‘Matthew’s Book’ is a small project but it has generated a big response. The book is on an iPad. It provides a multi-media guide to Matthew and his needs. The book will follow Matthew wherever he goes, including hospital, to ensure that all staff working with him can quickly find out about the essential aspects of his care .. and what good practice means for him. Continue reading
Choices about how we live our lives are nearly always made in a social context. When we make a choice we have others in mind. We are affected by what others want and need, what others think about what we’re doing, and how others will react. Continue reading
There’s a part of our welfare system that is almost invisible, at least as far as the literature is concerned: the day centre. Day centres are the poor relation of welfare, given little regard and seen by many as a relic of the old days of institutional care. They are deeply unfashionable. In some areas they’re seen as ripe for abolition. And yet, among the people who rely on day centres, there is still strong support for them. Those people, however, rarely have any choice about whether the centre stays or goes. When is comes to choice and control, choosing to keep the local day centre open (when the financial pressure is for closure) is so outside the prevailing orthodoxy that it’s usually ignored. Continue reading
New Scientist reports in its January 11th issue that, at an individual level, our chances of succumbing to dementia have decreased. This is not enough to stop the total number of people with dementia rising, but it does give us reason to re-consider previous assumptions. The article looks at two recent studies in the Lancet involving thousands of people. One study, based on survey evidence, showed that expected numbers of people with dementia were far lower than predicted taking account of the increase in the average age of the populationover a 20 year period. The other noted an increase in the cognitive ability in their mid 90’s of a group born in 1915 in comparison with a group born in 1905. The hypothesis (summed up as ‘cognitive reserve’) is that ‘intellectual activities’ create a resilience to age-related decline across brain networks. So what creates this ‘cognitive reserve’ among older people? Examples suggested include:
- playing bridge
- playing a musical instrument
- having a full social life
Backed up by good health measures (don’t smoke, exercise, watch your blood pressure and cholesterol, eat a healthy diet), there is a basis for individuals to adopt a sound preventative strategy. (As the article says “.. we do have some control over how we live”.)
Also, there are a number of promising strands of research that are looking to identify the causes of Alzheimer’s and measures to counter the disease, for example, the work by Susanne de la Monte and colleagues suggesting that Alzheimer’s might be caused by a type of brain diabetes.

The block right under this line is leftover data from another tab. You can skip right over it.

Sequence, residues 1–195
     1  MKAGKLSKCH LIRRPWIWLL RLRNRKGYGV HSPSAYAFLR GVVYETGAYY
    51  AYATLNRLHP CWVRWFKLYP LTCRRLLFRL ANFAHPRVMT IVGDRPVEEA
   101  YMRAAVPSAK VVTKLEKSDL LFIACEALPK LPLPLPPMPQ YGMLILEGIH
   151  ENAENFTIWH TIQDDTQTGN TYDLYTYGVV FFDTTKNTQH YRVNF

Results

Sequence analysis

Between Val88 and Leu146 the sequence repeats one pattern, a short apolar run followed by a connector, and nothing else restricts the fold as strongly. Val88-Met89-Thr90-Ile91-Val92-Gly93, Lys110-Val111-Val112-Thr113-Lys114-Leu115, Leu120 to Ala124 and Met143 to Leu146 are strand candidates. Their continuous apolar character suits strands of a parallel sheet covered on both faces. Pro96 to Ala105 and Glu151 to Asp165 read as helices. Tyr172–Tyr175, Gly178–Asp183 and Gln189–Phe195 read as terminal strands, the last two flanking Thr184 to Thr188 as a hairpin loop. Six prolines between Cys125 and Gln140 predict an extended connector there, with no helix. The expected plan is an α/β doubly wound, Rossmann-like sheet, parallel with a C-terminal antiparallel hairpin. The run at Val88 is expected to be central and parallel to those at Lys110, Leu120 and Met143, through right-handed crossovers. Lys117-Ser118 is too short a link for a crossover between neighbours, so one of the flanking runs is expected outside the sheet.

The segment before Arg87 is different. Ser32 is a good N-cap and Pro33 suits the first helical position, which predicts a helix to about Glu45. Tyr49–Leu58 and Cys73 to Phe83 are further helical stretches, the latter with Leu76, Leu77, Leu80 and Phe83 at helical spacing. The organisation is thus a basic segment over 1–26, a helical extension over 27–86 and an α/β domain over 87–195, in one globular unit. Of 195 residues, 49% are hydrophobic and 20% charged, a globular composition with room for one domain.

When 1 in 3 of us can expect to suffer from dementia at some stage and when the number with type 2 diabetes is expected to nearly double by 2035 these might not be ‘reasons to be cheerful’ .. but they might just be reasons to suppose that this is a health and social issue that we can do more about than we thought.
People making choices about how they are supported is at the centre of the personalisation project. It seems such an obvious and simple idea: of course people are going to know more about what they want to get out of life than a public official, no matter how sympathetic or qualified. While ‘client self-determination’ has been part of the post-war social work tradition, it was often qualified by the caveat that the ‘client’ may not always know what was in their own interests. The disabled people’s movement, however, challenged the prerogative of state welfare to define both the problem and the remedy. Continue reading
This is not a welcome retreat of the state from people’s personal and family life, or some assertion of choice and control. Instead, it means:
- someone losing precious friendships since the day centre closed
- someone having to fall back on already depleted personal and family resources
- someone continuing to live in a house that hasn’t been cleaned for weeks
- someone going without the regular advice they need on keeping warm and well
- someone who doesn’t get the help they need to take a shower or a bath
- someone who’s fear and loneliness is greater now that no one calls by
- someone who loses the advocate and friend who fought for them
- someone whose carers have had to give up work and friends
- someone who is much more vulnerable to exploitation and abuse.
What does it mean to you?
Well it looks like Florence Nightingale was right after all when she subjected her patients to a regime of sunshine and fresh air. An item in this week’s New Scientist cites research confirming the bacteria-killing qualities of these two commodities. The value of sunshine and fresh air is receiving greater attention at a time when the classic antibiotics are becoming less effective. As the article says, “.. perhaps we can prepare for the looming post-antibiotic era by taking some lessons from the pre-antibiotic age.” One of the researchers writes, “Hospitals of the future should be designed to allow windows to be opened and perhaps patients to be pushed outside in their beds.”
The reality for thousands of people in care homes, nursing homes and hospitals is something rather different. Thousands of older people in particular spend most of their days in stuffy, stale, airless environments. It seems to show up a lack of interest in the quality of the physical environment once a person finds themselves ‘in care’. CQC’s Essential Standards of Quality and Safety runs to 274 pages but says little about environments that support physical and mental health. Perhaps it’s time to look at the scientific evidence and revise our view of ‘good care’.